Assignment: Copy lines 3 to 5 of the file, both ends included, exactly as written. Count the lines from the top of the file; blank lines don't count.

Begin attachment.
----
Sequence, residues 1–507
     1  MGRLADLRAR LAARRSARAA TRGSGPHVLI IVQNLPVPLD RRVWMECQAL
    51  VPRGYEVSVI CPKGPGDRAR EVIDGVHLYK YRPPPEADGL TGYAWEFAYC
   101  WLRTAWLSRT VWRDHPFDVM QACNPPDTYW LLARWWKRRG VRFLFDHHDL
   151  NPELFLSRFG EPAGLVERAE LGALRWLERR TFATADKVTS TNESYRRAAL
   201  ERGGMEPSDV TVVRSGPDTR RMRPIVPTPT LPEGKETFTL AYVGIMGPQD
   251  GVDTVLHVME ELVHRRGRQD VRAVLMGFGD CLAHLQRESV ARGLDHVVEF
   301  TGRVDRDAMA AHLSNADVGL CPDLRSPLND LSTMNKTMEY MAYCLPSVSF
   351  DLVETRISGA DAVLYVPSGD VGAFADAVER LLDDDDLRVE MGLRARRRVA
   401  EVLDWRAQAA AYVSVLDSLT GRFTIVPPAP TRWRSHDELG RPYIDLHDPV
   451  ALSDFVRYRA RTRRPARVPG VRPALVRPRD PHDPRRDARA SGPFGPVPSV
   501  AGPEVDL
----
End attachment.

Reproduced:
    51  VPRGYEVSVI CPKGPGDRAR EVIDGVHLYK YRPPPEADGL TGYAWEFAYC
   101  WLRTAWLSRT VWRDHPFDVM QACNPPDTYW LLARWWKRRG VRFLFDHHDL
   151  NPELFLSRFG EPAGLVERAE LGALRWLERR TFATADKVTS TNESYRRAAL